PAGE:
CFCF 2013: SPOTLIGHT ON INSTRUCTOR – LYNNE ANN SCHWARZENBERG

1 08 2012

Lynne Ann Schwarzenberg stumbled upon polymer clay in 1991 and she’s been creating, teaching and designing ever since.

SCHWARZENBERG – Hooray for Poly-Wood

She bit off more than she could chew, going from marbled beads straight to figurines à la Maureen Carlson.  In 2001, she fell into the world of polymer clay guilds, and was delighted to find others who shared her obsession.  After exploring the worlds of caricature sculpture, faux materials, filigree, and even dollhouse miniatures for her daughter, she found her niche in millefiori floral caning and tile jewelry.

Lynne Ann has been teaching polymer clay to students young and old for over 12 years.  Her work has appeared in several publications and she has won a number of awards including Bead & Button magazine’s Bead Dreams competition, the Interweave Press Bead Arts Award, and the National Polymer Clay Guild’s Progress and Possibilities competition.  She sells her work in galleries and bead shows and through her website: www.riverpoetdesign.com.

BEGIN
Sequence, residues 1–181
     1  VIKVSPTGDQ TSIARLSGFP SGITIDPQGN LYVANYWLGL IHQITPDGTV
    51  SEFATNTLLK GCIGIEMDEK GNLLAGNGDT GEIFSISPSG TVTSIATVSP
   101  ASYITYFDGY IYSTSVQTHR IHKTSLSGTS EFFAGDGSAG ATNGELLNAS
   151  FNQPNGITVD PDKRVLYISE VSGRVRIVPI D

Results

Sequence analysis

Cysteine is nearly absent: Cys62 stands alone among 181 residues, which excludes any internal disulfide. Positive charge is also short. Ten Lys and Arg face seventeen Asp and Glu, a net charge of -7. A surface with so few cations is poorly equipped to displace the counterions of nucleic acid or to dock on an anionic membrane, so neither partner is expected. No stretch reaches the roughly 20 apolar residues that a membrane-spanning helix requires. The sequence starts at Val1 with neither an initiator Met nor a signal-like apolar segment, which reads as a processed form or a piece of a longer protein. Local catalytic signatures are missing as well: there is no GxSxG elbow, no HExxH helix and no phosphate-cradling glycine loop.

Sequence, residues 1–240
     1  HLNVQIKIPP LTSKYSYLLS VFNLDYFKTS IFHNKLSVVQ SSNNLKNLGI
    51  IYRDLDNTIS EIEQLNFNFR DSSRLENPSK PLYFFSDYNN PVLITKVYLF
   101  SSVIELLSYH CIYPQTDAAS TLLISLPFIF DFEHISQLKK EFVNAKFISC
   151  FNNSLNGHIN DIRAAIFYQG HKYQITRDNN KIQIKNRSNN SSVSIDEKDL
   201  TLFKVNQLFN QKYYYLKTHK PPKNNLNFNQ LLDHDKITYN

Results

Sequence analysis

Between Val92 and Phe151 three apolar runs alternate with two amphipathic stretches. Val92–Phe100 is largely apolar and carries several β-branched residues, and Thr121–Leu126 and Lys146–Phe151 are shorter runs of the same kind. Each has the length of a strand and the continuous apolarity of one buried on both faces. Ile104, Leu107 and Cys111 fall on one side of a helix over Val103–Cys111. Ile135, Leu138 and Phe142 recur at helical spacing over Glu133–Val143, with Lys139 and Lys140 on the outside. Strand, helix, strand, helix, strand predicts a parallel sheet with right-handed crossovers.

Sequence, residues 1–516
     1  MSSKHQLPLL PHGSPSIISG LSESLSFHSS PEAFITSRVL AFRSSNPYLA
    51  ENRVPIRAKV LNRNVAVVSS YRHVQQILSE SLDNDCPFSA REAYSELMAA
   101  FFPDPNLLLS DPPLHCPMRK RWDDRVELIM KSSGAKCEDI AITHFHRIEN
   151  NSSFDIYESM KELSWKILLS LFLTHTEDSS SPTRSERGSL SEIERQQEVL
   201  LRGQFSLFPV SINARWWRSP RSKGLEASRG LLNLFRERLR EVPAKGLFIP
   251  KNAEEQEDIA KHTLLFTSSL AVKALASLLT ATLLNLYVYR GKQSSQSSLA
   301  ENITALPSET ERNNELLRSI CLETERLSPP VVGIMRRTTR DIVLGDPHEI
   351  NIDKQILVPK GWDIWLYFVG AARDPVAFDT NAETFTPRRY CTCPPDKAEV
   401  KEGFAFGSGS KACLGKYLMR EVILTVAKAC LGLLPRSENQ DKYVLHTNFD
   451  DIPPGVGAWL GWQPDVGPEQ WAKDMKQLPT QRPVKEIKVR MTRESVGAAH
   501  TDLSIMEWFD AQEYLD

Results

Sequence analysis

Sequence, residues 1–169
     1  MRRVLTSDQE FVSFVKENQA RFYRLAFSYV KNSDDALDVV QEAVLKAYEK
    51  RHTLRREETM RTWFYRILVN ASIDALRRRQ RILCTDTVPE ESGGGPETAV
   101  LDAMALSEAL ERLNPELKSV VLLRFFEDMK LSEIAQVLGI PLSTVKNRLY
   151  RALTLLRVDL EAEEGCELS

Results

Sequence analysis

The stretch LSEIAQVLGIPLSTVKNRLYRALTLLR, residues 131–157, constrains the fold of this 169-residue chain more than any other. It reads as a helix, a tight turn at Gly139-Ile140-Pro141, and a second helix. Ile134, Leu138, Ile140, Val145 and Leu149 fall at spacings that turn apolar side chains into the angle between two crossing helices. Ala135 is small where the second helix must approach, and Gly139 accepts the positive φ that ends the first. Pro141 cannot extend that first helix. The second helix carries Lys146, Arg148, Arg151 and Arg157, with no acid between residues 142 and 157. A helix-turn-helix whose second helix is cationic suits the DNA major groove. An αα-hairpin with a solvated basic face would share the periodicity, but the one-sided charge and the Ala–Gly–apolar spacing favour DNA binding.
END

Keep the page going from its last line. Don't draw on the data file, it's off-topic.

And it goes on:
And more exciting news from Lynne Ann… she was recently received the 2012 Excellence in Bead Artistry Award from Bead and Button Magazine.  This is a huge accomplishment as it is only awarded once a year and has only been given to one other polymer artist, Nan Roche, who is also teaching at CFCF 2013!  The award was underwritten this year by Shipwreck BeadsTM which honored Lynne Ann’s achievements with a $1,000 gift certificate.  Join us for Lynne Ann’s class and give her your personal congratulations for this accomplishment!

******   Download registration forms here and detailed workshop information here. ******

  • LYNNE ANN SCHWARZENBERG – Hooray for Poly-Wood!  (4-hour workshop)   Mon. 8:00AM/Tues. 1:00PM

SCHWARZENBERG – Hooray for Poly-Wood

Faux wood was one of the first things Lynne Ann made with polymer clay, and in the past 21 years, she’s spent countless hours getting it down to a science…and now you can learn all the “little secrets” in her faux wood technique that has even fooled woodworkers (briefly, she admits!)

You’ll learn several recipes for certain types of wood, texturing, manipulating the grain (tight vs loose, direction, even the occasional knot in the wood), cutting, patterning, constructing marquetry type designs and finishing properly.  Students can expect to make several shades of faux wood and a pin, pendant or set of earrings.  You won’t believe how simple this realistic Poly-Wood technique can be!

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